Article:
It’s Google I/O time again, the time of year when the Internet giant holds its annual developers’ conference in San Francisco, showing off the cool stuff its army of engineers have been working on for the past 12 months.
The event, which will take place on Thursday and Friday, draws thousands of attendees, all eager to hear from Google’s top brass — CEO Larry Page gave an impassioned and much-discussed talk about the state of the tech industry in 2013 — learn about the latest products, and get their hands on the free swag that Google typically doles out (last year, attendees got two free Android Wear smartwatches).
Google hasn’t said who will be speaking at this year’s event, though it’s a safe bet that Senior Vice President Sundar Pichai, recently promoted to be Google’s head of products, will be leading the show. And while Google hasn’t discussed which products will get the spotlight, we’ve put together a likely list.
The star of the show is likely to be Google’s Android operating system, especially if Google unveils the next version of the software, dubbed Android M.
(Android versions are named in alphabetical order, with the current L version more commonly known as Android Lollipop. M could stand for any dessert — our bet is on Marshmallow, Milk Shake, or Mentos.)
Buzzfeed reported it could include a fingerprint unlocking feature, which could allow Android smartphones to match the iPhone capability that allows users to unlock the phone just by putting a finger on a special sensor.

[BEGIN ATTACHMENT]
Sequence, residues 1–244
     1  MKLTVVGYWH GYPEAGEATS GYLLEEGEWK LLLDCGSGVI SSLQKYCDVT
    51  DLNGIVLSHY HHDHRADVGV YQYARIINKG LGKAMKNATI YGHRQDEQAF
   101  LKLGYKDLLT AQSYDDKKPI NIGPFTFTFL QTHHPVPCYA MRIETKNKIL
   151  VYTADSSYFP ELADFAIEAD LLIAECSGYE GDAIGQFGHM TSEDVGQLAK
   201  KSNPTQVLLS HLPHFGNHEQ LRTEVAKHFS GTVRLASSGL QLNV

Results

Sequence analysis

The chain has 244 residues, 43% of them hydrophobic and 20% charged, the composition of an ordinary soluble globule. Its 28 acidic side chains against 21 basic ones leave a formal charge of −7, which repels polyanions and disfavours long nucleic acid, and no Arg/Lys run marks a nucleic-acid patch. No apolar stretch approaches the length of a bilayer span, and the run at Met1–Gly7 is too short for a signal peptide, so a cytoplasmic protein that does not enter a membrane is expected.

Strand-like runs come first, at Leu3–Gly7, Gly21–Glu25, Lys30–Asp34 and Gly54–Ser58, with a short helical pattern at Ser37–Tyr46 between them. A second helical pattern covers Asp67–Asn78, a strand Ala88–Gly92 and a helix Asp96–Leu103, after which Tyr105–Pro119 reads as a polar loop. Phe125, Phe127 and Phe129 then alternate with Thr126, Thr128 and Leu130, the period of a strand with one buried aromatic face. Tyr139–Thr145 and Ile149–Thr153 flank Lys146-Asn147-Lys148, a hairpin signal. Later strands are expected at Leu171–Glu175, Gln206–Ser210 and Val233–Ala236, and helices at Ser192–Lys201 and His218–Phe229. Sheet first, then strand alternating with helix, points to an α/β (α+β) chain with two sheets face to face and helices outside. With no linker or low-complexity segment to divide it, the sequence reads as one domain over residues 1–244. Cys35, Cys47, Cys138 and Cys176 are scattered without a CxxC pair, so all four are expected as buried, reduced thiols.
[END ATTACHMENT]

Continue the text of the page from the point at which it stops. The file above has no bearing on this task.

The new Android could also provide users with more control over the personal information that individual apps access, enhanced support for voice commands, and built-in support for one-tap mobile payments through a new Android Pay feature, according to press reports.
Google could fold some of the new features into an update to the existing Lollipop version of Android rather than launching the brand new M version. A reference to Android M was spotted in the description of a session on the Google I/O calendar, but was promptly removed after news reports spread.
The Internet of Things is a goofy name, but as a technology trend it’s hot right now. The idea is that PCs and smartphones are not the only things that should connect to the Internet. Your fridge, washing machine, car, and even the lights in your bathroom could all be so much better if they were hooked up to a network so they could exchange data and be controlled remotely.
Google wants to help define this new interconnected world. Google purchased Nest, the maker of smart home appliances for $US3.2 billion last year.
But according to The Information, Google has another Internet of Things play up its sleeve called Brillo. Basically Brillo would provide a common platform for electronic devices to interconnect. The technology will be especially well-suited for low-powered electronic devices that don’t have a screen, according to The Information.
Competition to control the emerging Internet of Things is going to be tough: Apple, Microsoft, and Samsung are all working on technology too.
Mystery bluetooth device — Glass 2.0 or something else?
Google likes to take the wraps off new gadgets at I/O. Some turn out to be big hits, such as the $US200 Nexus 7 tablet launched in 2012.
Others, not so much. Witness the orb-shaped Q streaming media player, unveiled with great fanfare at the same 2012 conference, and then killed before ever landing on store shelves.
Glass is another interesting example: Google unveiled the device with an over-the-top skydiver/BMX bike sequence at I/O in 2012. But Glass never caught on with the general public and in January, Google halted sales of the consumer version of Glass, noting that it was time for a “strategy reset.”
So what’s this year’s surprise gadget?